"The palace is downtown."

Translation:Palatset ligger i centrum.

January 10, 2015

This discussion is locked.


DL suggests:- på stan- and then does not accept it. I do not like the strict translation: downtown= i centrum. It seems too restrictive, but I may be wrong.


Hints are just hints, you can't expect every hint to be accepted everywhere. It's odd to say that a building is located på stan, we would expect the preposition i, and i sta(de)n is not the same as på stan so that doesn't fit either.


Thanks Arnauti, I have been in DL long enough to know the limitations of DL hints and do not resent that. How would you use the expression: -på stan- ? Apparently my sense of it is off the mark.


If you say you met someone på stan, it corresponds well to 'downtown' or 'in the city center', but more colloquial. We also often use it in the combination gå på stan to say, well, 'going downtown' or 'going to the city center', maybe for shopping or fika or so. You can also say that a person is på stan, well I see I already sort of mentioned that. i staden on the other hand just means 'in the town/city' in a neutral way, and includes the whole town/city, which på stan does not. You're not på stan if you're in some residential area with no shops for instance, even though you are i staden.
So I'd say på stan is pretty much a special expression for a fairly restricted set of situations.


Tack så mycket, Arnauti. Nu minns jag -gå på stan-. Men jag hade aldrigt hört: -fika-. Ordboken hjälpte mig. Det låter roligt: fika på stan.


You'll already know fika when you get to it in the tree then, there's quite a lot of that going on in our course :)
We like to claim that fika is a cultural institution so this wikipedia article about it is good.
Fika på stan is very Swedish. You'll sound like a native in no time.


Why not "Palatset står i centrum"? Thanks!


Please could someone (looks hopefully to Devalanteriel) answer this? A couple of sentences earlier, where the palace is outside the capital, my står was accepted, but not here. I know I'm biased, as buildings usually stand in German, my mother tongue. But I'm confused as to why the palace can stand outside the city but lies inside it.


It offers "Palatset är mitt i stan" as a correct solution. Why "mitt"? Is it also used as "just"? Tack!


could someone explain this? it makes no sense to me


mitt i is like 'in the middle of' in English – mitt actually means 'middle' too. So mitt i stan is like 'in the middle of town', which is a lot like 'downtown'.


Why doesn't "mitt i staden" work if "mitt i stan" works


Why is "slottet" not accepted?


Slottet would be the proper translation of "The castle"


They use the same distinction in the Danish course (castle = slot, palace = palads) and I always get it wrong.

I checked the Swedish royal court site and "Drottningholms slott" is called Drottningholm Palace in English (Gripsholms slott is Gripholm Castle though).

It is says here that a "palats" is supposed to have an urban environment and no garden and for a "slott" the opposite holds. This means for example that Stockholms Slott is not a "slott" but a "palats". I give up :)!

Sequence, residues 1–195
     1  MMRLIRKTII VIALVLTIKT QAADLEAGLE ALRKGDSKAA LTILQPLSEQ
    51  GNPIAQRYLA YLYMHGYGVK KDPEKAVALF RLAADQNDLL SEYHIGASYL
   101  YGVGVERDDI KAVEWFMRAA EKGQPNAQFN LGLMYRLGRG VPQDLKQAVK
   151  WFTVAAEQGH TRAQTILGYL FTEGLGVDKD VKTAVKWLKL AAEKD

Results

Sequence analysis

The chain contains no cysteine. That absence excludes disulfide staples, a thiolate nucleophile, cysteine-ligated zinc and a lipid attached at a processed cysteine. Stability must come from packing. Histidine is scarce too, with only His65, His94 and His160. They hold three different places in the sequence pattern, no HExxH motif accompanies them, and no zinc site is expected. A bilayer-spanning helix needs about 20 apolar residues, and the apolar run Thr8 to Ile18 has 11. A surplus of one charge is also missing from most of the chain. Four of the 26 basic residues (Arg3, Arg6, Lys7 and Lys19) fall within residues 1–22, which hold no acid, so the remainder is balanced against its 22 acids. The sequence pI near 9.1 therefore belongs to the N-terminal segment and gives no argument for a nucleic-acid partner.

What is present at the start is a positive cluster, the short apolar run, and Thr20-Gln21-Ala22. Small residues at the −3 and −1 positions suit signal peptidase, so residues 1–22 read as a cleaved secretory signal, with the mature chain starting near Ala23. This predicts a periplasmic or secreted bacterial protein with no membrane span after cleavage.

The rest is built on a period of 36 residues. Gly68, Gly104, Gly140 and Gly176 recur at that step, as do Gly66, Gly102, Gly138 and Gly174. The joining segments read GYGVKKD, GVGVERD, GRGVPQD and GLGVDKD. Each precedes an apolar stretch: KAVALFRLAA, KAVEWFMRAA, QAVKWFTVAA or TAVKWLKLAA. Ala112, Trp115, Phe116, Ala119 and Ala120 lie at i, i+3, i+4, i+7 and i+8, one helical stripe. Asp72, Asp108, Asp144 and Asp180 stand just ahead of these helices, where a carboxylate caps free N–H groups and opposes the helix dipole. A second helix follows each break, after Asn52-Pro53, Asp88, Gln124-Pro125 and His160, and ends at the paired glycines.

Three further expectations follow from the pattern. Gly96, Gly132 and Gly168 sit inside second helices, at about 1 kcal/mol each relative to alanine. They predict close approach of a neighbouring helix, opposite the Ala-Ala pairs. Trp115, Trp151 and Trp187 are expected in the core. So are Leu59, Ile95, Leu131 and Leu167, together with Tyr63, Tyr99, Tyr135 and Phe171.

And the origin of "castle" could lead to the assumption that it needs at least rudimentary military capabilities so it would probably be better translated with "borg".


I always learned (40+ years ago when I lived in Sth) that "downtown" translated to "på stan". "Mitt på stan" doesn't seem right, nor does "centrum" (yes, I've read the questions/comments here). Ah, well.


Hi KteCMHkt. Thanks for your comment. My main time in Stockholm corresponds with yours. Perhaps the use of -på stan- has shifted. For me -på stan- would range from Gamla Stan to about the end of Drottning-gatan, with fuzzy edges; I would not know where to place -i Centrum-.


Slottet was not accepted.....


'Palatset ligger i stan.' Is not an accepted answer. I'm not sure to understand why? Thanks!


Let's be honest. The Royal Palace that is in the middle of Stockholm is not called "palatset" by the locals, it's called kungliga slottet. So why is slottet marked down? Another grumble: Downtown is strictly American English and I've never been entirely clear what it means. The bad part of town? The built up part of town? All I know for sure is it's where the police station is! In Australian English we would say "go into town" or "go to the city centre" or something like that. Brits also refer to "the high street". All in all, this question (and the narrow range of accepted answers) seems both overly strict and context dependent.


Can I say 'Palatset är i centrum'?


Yes, or at least i did well enough.


✅ "Palatset ligger i centrum."

❌ "palatset ligger i centrum."

I'm Duolingo. I delegate major functionality to interns.


What about "nere på stan"? Thank you


"Palatset är i stan." wasn't accepted. Is it wrong to say it like that?


Does LIGGER specifically deal with geographical placement of a building? That seems to be the appropriate time to use it rather than simply är


why not palatset ligger på stan

not accepted? :/


Why wasn't "i stan" accepted? It should also be downtown, if I recall correctly

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